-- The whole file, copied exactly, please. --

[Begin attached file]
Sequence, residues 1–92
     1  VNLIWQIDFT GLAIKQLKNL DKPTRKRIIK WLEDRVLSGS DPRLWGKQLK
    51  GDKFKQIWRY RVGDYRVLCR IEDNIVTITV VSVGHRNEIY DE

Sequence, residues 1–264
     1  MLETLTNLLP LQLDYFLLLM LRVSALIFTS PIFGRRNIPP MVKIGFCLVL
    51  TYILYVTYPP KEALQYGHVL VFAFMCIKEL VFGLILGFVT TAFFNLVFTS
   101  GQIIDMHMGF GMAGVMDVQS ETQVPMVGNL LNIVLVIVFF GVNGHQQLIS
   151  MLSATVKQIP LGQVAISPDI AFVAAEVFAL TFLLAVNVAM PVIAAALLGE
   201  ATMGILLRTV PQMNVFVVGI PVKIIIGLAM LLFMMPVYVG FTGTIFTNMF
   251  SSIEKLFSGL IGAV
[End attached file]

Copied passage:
Sequence, residues 1–92
     1  VNLIWQIDFT GLAIKQLKNL DKPTRKRIIK WLEDRVLSGS DPRLWGKQLK
    51  GDKFKQIWRY RVGDYRVLCR IEDNIVTITV VSVGHRNEIY DE

Sequence, residues 1–264
     1  MLETLTNLLP LQLDYFLLLM LRVSALIFTS PIFGRRNIPP MVKIGFCLVL
    51  TYILYVTYPP KEALQYGHVL VFAFMCIKEL VFGLILGFVT TAFFNLVFTS
   101  GQIIDMHMGF GMAGVMDVQS ETQVPMVGNL LNIVLVIVFF GVNGHQQLIS
   151  MLSATVKQIP LGQVAISPDI AFVAAEVFAL TFLLAVNVAM PVIAAALLGE
   201  ATMGILLRTV PQMNVFVVGI PVKIIIGLAM LLFMMPVYVG FTGTIFTNMF
   251  SSIEKLFSGL IGAV